It's amazing what you turn up in the most unexpected places. Karl Denninger, who usually writes about the economy, alerts the public to a couple of Senate Bills that may prove the road to hell is paved with good intentions. They are S.773(very long name) and S.778 to establish the National Office of Cybersecurity Advisor (see Thomas for more). As of this writing the bill texts are not available at Thomas. They are tied to H.R. 266 Cybersecurity Education Enhancement Act of 2009.
The fundamentals of the House bill are to establish cybersecurity training via grants to institutions of higher education. Who could argue with that? It seems Denninger can, and he does so via the draft text for the Senate bills here. (site is the Center for Democracy)
Denninger starts out by taking issue with the licensing aspects of the draft bill (page 21) in SEC. 7. LICENSING AND CERTIFICATION OF CYBERSECURITY PROFESSIONALS. I don't because I would like to know that anyone calling themself a cybersecurity professional can demonstrate some baseline standard of knowledge that s/he has achieved.
However, what he is really exercised about, and I agree this needs to be looked at closely, starts on Page 39 SEC. 14. PUBLIC–PRIVATE CLEARINGHOUSE. Don't let that title fool you. Here's the relevant text:
(b) FUNCTIONS.—The Secretary of Commerce
(1) shall have access to all relevant data concerning such networks without regard to any provision of law, regulation, rule, or policy restricting such access;
(2) shall manage the sharing of Federal government and other critical infrastructure threat and vulnerability information between the Federal government and the persons primarily responsible for the operation and maintenance of the networks concerned; and
(3) shall report regularly to the Congress on threat information held by the Federal government that is not shared with the persons primarily responsible for the operation and maintenance of the networks concerned.
SEC 14(b)(1) is where the rubber hits the road for Denninger, and it is an opportunity for mischief making by our government, whether elected representatives or over-eager bureaucrats. But it doesn't end there, he is also concerned about Presidential authority, especially as defined in SEC 18 (2) and (6).
SEC. 18. CYBERSECURITY RESPONSIBILITIES AND AUTHORITY.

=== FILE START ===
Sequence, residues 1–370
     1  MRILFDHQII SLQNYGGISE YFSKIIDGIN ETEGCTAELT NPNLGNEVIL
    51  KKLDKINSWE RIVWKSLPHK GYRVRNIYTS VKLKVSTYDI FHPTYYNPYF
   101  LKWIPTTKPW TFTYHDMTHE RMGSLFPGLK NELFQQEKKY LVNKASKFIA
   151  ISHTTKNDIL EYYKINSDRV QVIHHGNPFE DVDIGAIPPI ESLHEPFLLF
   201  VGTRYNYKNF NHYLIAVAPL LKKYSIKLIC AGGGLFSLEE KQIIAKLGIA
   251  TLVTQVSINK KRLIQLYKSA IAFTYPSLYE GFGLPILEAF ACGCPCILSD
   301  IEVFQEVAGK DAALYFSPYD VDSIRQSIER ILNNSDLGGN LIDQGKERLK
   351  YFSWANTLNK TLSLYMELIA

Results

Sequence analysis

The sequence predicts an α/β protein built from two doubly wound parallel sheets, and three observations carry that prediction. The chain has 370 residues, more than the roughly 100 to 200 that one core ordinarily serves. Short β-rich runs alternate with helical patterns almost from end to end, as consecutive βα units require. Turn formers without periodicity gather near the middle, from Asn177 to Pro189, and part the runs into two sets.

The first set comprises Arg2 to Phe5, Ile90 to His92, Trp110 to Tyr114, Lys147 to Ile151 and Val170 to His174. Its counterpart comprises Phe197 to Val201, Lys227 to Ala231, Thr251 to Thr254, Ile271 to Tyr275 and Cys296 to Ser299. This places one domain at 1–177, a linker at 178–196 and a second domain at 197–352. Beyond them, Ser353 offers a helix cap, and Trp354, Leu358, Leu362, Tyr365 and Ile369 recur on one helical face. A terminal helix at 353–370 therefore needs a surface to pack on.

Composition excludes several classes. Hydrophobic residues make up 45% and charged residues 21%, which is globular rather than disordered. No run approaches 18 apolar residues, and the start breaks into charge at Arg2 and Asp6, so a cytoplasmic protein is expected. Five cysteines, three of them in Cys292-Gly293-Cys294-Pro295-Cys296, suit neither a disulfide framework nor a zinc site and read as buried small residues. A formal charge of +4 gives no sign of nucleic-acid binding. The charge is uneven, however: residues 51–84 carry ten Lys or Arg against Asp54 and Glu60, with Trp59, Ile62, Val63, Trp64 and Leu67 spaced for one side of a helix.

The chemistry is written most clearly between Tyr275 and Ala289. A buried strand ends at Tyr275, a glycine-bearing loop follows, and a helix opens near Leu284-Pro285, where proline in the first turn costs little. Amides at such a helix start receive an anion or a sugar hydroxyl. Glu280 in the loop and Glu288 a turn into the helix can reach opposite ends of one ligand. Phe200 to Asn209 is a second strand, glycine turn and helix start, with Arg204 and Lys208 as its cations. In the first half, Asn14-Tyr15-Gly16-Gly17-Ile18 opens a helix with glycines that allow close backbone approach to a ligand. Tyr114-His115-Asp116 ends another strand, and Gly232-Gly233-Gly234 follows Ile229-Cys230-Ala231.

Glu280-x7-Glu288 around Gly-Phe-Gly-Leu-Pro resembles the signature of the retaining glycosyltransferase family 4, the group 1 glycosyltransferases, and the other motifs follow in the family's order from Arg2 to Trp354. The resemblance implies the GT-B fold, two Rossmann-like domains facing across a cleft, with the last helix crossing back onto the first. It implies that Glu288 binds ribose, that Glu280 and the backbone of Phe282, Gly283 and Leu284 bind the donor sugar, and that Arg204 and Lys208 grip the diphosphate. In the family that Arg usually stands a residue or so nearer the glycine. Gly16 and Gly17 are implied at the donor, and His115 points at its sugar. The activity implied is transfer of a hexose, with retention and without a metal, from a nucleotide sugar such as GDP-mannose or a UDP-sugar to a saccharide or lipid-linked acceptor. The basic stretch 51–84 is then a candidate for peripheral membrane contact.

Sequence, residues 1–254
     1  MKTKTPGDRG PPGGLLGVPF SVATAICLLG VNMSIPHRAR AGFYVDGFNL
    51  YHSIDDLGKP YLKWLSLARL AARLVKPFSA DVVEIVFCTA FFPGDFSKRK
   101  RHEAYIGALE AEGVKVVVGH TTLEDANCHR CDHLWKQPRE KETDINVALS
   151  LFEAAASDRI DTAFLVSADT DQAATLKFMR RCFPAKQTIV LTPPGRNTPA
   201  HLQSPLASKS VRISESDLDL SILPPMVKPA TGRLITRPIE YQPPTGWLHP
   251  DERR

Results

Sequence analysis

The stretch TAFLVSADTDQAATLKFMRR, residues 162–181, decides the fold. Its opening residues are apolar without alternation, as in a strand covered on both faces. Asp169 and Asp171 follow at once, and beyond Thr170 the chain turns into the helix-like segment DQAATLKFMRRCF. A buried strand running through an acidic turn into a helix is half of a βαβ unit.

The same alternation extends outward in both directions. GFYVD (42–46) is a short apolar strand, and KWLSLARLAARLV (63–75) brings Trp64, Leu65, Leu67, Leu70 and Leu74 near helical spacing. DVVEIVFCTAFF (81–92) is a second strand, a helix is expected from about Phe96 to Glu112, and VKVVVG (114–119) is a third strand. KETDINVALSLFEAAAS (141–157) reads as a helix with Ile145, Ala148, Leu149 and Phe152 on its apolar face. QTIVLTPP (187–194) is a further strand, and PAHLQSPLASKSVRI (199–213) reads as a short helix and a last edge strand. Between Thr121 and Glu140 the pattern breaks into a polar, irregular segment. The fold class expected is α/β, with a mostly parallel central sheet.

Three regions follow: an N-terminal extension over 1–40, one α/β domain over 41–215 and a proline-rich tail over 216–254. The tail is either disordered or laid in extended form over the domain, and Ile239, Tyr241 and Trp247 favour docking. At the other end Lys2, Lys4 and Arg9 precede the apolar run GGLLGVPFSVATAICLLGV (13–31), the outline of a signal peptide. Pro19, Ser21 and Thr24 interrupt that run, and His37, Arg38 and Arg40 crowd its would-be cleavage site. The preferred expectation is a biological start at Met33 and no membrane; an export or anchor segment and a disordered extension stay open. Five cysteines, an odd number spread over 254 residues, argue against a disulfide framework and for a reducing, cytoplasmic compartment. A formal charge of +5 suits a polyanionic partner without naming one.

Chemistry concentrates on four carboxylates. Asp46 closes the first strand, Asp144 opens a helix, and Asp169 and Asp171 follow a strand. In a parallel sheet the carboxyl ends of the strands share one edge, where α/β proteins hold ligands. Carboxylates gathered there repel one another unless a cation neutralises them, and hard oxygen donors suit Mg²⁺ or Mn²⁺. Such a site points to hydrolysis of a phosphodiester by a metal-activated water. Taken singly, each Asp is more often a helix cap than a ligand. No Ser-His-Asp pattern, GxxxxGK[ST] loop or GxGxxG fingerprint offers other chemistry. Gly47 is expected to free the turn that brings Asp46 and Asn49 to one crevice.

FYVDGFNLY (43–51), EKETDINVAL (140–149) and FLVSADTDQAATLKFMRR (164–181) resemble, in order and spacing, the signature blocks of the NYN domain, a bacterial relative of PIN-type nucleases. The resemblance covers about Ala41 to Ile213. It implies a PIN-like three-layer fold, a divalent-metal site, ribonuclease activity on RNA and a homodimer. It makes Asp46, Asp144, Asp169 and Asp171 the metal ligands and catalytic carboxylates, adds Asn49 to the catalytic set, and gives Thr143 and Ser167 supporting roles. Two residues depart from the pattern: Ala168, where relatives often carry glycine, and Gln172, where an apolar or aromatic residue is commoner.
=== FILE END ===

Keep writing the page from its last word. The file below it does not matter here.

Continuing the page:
(1) within 1 year after the date of enactment of this Act, shall develop and implement a comprehensive national cybersecurity strategy, which shall include—
(A) a long-term vision of the nation’s cybersecurity future; and
(B) a plan that encompasses all aspects of national security, including the participation of the private sector, including critical infrastructure operators and managers;
(2) may declare a cybersecurity emergency and order the limitation or shutdown of Internet traffic to and from any compromised Federal government or United States critical infrastructure information system or network;
(3) shall designate an agency to be responsible for coordinating the response and restoration of any Federal government or United States critical infrastructure information system or network affected by a cybersecurity emergency declaration under paragraph (2);
(4) shall, through the appropriate department or agency, review equipment that would be needed after a cybersecurity attack and develop a strategy for the acquisition, storage, and periodic replacement of such equipment;
(5) shall direct the periodic mapping of Federal government and United States critical infrastructure information systems or networks, and shall develop metrics to measure the effectiveness of the mapping process;
(6) may order the disconnection of any Federal government or United States critical infrastructure information systems or networks in the interest of national security;
(7) shall, through the Office of Science and Technology Policy, direct an annual review of all Federal cyber technology research and development investments;
(8) may delegate original classification authority to the appropriate Federal official for the purposes of improving the Nation’s cybersecurity posture;
(9) shall, through the appropriate department or agency, promulgate rules for Federal professional responsibilities regarding cybersecurity, and shall provide to the Congress an annual report on Federal agency compliance with those rules;
(10) shall withhold additional compensation, direct corrective action for Federal personnel, or terminate a Federal contract in violation of Federal rules , and shall report any such action to the Congress in an unclassified format within 48 hours after taking any such action; and
(11) shall notify the Congress within 48 hours after providing a cyber-related certification of legality to a United States person.
SEC 18 (2) and (6) make sense on one level. Those of us caught up in the Sasser worm debacle remember the pain and agony of trying to stop it from spreading. At the IRS we wound up using sledgehammers - shutting down the network devices that connected our offices. Clearing all the infected PCs was a nightmare. There is evidence of organized cyber attacks originating in China and we would be foolish to not have mitigations in place along with a plan to respond when (not if) attacked. On the other hand, the regulations governing the execution of this authority will have to be carefully written to, once again, say it with me; minimize the potential for government mischief making. Make no mistake, this is a double edged sword and we need to wield it carefully.
Stay tuned folks, this is one that could bite us all later.